Four exhibits at Lawndale Art Center close this Saturday including "Washington Avenue: Forgotten to Gentrified," a photo exhibit by Robert Sennhauser that looks at the near-downtown neighborhood and the changes it's currently undergoing. Among the highlights of the exhibit are Sennhauser's taped interviews with residents from the area including one with Blanca Chavez, from Guadalajara Bakery and Tacos. The tiny store-front eatery is one of the dozens of small businesses being pushed out of the Washington Avenue area by developers and high-priced (but still somehow ugly as hell) condos.
Fans are anxiously awaiting the fate of Guadalajara Bakery (it's the last building standing on its block --
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all the others have been razed), and the area in general. Seeing images of their favorite locales and the already forever-changed face of Washington Avenue elevated to the status of museum worthy photographs has been pulling in crowds since the shows opening. This final weekend should be no different.
The other shows closing on Saturday are "regarding discards" by Stephanie Martz (a collection of pages taken from discarded books which show signatures, dedications and other notes previous owners left behind), "Out of Site" by Noah Simblist (a look at the architecture of the Israel-Palestine conflict), and "Round Three" by Lawndale Artist Studio Program participants Kevin Curry, Amber Eagle and El Franco Lee II. 10 a.m. to 5 p.m. Friday, noon to 5 p.m. Saturday. Lawndale Art Center, 4912 Main. For information, 713-528-5858 or visit www.lawndaleartcenter.org. Free.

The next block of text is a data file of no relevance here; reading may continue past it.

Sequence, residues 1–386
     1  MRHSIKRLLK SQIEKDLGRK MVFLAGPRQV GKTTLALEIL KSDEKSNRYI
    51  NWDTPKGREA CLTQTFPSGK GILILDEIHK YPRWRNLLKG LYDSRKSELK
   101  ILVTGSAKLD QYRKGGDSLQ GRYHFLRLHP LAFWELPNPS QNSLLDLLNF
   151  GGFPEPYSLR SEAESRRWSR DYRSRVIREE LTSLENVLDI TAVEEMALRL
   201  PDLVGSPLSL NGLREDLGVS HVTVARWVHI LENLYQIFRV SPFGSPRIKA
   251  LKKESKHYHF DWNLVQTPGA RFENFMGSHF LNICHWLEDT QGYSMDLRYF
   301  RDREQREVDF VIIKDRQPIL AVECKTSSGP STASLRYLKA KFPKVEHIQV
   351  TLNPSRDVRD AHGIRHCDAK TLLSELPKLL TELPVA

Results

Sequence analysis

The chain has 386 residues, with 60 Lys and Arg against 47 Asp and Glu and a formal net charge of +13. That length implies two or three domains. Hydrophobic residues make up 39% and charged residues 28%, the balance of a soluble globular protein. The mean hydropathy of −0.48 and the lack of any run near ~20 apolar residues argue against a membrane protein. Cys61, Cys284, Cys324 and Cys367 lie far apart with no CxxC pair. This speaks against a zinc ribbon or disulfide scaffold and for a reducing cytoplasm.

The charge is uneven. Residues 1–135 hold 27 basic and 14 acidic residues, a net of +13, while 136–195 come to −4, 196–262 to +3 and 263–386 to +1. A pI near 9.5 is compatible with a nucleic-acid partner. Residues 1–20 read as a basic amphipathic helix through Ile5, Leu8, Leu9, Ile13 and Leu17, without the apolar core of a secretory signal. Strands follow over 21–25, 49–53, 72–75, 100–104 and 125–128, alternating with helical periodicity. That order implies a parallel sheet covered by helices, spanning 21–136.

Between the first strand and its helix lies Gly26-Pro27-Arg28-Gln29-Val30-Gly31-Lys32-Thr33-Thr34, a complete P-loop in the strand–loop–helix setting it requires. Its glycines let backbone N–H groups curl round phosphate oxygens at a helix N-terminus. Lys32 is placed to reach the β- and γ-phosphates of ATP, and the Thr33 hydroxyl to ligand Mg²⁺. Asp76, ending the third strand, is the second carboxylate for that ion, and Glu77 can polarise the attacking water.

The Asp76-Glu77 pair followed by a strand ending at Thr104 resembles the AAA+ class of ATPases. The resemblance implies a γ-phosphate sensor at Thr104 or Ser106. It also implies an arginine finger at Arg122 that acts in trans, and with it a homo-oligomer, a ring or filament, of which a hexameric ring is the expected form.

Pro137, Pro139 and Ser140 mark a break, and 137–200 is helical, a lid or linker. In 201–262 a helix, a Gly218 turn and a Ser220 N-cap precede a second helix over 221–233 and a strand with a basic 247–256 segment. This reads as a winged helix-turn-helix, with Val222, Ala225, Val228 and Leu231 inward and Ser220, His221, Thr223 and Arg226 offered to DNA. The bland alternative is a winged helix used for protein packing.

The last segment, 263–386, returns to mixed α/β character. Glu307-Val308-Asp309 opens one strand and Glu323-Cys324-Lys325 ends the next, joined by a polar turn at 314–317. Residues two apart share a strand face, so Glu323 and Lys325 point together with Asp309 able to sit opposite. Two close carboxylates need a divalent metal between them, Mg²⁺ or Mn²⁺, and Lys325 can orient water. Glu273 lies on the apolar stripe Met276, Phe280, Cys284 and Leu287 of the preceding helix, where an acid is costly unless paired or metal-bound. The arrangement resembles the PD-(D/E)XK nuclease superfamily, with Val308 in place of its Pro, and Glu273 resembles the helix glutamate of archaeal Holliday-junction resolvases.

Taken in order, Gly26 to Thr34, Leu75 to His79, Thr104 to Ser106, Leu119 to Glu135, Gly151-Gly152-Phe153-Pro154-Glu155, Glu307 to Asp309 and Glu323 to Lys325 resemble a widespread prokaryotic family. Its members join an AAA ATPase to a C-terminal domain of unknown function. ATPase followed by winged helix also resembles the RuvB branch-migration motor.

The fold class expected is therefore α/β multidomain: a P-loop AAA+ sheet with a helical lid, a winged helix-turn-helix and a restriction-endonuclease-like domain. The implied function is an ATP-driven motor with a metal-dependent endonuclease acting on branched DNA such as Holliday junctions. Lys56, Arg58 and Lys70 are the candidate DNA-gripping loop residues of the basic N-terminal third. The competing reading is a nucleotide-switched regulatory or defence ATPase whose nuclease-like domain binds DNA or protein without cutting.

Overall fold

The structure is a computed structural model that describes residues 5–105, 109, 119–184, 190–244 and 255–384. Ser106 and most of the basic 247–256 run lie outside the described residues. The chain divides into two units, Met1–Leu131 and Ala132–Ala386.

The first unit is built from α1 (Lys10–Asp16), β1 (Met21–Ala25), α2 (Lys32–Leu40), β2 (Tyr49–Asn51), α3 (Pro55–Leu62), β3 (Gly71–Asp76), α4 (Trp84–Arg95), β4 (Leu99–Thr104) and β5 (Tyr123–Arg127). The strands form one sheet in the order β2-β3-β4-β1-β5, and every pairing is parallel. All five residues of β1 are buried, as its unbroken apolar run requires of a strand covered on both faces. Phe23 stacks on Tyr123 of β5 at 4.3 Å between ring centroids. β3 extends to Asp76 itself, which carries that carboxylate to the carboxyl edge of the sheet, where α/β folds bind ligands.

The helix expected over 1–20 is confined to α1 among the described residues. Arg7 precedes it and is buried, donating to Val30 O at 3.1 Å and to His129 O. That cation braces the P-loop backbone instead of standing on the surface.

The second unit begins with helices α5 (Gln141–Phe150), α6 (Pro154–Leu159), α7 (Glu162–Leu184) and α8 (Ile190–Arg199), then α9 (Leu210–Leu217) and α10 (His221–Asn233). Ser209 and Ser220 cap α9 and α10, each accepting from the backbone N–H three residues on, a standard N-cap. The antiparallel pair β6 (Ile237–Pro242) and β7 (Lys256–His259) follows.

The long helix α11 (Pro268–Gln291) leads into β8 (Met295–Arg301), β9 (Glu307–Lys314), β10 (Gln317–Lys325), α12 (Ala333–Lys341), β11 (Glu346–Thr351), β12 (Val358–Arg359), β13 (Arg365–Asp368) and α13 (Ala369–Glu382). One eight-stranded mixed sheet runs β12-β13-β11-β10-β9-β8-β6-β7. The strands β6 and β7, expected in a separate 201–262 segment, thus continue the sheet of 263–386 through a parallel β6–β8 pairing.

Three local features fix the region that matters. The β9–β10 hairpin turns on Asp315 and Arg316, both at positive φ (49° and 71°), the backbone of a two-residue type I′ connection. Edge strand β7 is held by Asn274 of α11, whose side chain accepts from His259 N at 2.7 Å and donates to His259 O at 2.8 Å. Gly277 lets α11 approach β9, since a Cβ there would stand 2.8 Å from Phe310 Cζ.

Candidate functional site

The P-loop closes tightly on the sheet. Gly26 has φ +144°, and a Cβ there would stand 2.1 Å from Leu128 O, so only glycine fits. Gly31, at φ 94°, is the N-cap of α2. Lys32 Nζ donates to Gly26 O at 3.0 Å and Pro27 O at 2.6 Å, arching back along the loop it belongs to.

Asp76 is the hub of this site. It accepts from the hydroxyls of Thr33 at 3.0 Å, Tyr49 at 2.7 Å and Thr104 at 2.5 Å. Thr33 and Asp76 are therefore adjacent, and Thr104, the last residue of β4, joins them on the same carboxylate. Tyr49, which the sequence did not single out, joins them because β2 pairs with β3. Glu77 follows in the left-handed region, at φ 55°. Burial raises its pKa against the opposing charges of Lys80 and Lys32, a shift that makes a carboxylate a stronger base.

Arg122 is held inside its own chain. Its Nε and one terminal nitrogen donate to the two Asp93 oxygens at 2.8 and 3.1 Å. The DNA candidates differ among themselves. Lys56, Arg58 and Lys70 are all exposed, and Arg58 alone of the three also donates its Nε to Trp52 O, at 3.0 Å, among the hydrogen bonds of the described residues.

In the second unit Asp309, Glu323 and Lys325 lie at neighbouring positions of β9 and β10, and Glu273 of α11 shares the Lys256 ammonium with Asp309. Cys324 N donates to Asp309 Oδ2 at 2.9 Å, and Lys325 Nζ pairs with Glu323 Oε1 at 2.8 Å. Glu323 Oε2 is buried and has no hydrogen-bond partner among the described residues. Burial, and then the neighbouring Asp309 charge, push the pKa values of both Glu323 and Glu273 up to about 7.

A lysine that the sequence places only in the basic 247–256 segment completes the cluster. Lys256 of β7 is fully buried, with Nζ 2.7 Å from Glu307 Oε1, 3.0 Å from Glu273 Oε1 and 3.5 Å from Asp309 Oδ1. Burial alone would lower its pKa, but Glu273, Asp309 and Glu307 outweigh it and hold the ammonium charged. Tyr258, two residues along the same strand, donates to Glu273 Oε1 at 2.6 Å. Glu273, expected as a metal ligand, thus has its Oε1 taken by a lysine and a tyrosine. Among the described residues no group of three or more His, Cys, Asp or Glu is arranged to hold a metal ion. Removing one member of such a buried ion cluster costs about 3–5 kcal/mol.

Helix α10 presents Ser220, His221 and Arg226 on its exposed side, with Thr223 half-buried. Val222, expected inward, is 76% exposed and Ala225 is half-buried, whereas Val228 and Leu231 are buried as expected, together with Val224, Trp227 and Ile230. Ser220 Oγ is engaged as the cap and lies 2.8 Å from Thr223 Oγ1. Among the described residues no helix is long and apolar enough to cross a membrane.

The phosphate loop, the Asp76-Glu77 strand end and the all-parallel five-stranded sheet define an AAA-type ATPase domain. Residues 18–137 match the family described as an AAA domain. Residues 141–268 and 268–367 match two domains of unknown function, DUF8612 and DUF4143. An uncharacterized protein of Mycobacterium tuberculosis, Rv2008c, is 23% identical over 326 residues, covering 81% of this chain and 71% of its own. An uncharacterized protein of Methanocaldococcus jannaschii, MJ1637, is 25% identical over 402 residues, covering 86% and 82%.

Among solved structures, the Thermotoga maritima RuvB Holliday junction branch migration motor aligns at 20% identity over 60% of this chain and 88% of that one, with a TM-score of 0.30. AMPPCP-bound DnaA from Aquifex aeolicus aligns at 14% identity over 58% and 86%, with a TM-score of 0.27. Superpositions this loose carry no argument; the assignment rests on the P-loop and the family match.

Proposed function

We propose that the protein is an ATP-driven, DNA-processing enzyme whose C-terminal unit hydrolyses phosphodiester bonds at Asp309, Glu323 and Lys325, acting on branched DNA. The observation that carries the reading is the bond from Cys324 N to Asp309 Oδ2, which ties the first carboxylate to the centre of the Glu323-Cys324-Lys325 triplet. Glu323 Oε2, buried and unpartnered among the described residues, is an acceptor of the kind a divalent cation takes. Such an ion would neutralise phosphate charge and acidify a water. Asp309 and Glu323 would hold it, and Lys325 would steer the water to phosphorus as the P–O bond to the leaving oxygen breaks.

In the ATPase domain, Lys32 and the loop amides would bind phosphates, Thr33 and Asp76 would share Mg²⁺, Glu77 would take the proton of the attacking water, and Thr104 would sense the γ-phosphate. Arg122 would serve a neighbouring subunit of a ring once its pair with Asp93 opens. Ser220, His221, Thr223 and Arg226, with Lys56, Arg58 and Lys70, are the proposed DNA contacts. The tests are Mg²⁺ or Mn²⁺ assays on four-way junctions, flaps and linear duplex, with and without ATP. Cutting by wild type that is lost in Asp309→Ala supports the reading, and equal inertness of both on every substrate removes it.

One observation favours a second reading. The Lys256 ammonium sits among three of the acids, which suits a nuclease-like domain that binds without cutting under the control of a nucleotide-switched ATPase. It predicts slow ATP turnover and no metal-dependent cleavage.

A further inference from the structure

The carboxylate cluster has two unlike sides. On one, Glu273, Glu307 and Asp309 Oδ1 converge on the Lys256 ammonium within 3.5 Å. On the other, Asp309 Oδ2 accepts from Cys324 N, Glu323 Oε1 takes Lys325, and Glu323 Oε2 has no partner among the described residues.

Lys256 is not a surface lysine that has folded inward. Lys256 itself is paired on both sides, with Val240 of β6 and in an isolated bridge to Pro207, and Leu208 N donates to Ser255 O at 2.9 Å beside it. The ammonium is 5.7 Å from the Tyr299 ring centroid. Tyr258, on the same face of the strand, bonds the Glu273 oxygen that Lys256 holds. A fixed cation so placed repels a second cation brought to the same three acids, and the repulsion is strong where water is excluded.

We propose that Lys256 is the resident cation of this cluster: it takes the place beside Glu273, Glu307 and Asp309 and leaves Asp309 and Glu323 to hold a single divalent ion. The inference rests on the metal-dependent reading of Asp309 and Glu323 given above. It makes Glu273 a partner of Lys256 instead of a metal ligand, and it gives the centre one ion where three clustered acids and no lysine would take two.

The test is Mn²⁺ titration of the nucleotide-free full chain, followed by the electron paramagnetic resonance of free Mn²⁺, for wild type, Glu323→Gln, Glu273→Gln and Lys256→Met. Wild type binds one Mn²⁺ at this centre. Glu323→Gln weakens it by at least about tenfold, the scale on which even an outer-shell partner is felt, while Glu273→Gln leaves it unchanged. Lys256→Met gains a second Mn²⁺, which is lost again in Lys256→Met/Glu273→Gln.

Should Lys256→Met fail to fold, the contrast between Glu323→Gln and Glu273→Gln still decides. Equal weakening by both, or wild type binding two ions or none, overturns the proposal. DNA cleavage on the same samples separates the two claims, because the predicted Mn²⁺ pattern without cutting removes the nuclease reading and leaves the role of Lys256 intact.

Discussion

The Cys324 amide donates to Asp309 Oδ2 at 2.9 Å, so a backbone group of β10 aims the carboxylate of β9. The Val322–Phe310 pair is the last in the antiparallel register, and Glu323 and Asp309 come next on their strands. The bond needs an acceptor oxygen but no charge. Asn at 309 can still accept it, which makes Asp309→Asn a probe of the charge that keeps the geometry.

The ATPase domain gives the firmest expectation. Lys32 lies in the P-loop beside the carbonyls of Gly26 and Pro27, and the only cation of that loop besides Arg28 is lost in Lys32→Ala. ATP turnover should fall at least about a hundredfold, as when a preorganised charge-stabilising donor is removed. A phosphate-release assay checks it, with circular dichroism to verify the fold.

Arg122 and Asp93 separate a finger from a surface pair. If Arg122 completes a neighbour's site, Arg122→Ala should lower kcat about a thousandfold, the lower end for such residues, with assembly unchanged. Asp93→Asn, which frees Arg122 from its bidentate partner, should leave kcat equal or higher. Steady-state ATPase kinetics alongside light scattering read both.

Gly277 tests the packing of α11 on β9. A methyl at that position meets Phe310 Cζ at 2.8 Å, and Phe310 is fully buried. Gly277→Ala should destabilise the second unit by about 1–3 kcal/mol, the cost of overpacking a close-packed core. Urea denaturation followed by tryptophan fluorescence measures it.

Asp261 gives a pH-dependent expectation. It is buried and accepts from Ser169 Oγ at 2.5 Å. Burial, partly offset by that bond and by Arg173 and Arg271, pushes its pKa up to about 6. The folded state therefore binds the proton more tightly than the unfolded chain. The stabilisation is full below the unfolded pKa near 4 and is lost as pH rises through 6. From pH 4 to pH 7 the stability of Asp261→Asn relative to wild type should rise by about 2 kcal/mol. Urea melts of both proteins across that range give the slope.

Closing on Sunday is Defending the Caveman, the touring show that turns "men are from Mars, women are from Venus" into "men are hunters, women are gatherers." Caveman doesn't cover new ground (most of the topics are familiar: "... women 'cooperate' and cook together, while men 'negotiate' who's going to have to fill up the chip bowl," said our reviewer Lee Williams), but there's a reason it's the longest running solo play in Broadway history -- familiar or not, it's funny. 7:30 p.m. Friday, 2 and 7:30 p.m. Saturday and Sunday. 800 Bagby. For information, call 713-315-2525 or visit www.thehobbycenter.org. $55.75.
And "New Art in Austin: 20 to Watch" shuts down Saturday. We admit the installation by Jill Pangallo, a performance and visual artist who built a piece around a doll made in her image, is a little creepy; it's also thought-provoking. Pangallo and her 19 cohorts are all from central Texas and all producing new, unusual work. DiverseWork's Diane Barber told us, "We wanted to have artists that are working in the most innovative ways. We also wanted to have a broad range of approaches to the visual arts, and I think we got that. And that's one of the things that make it exciting. There's so much to consider and so many different approaches. Something that's instantly noticeable is the vibrancy of the colors. It's really an energetic show in that way." Noon to 6 p.m. Friday and Saturday. 1117 East Freeway. For information, call 713-223-8346 or visit www.diverseworks.org. Free.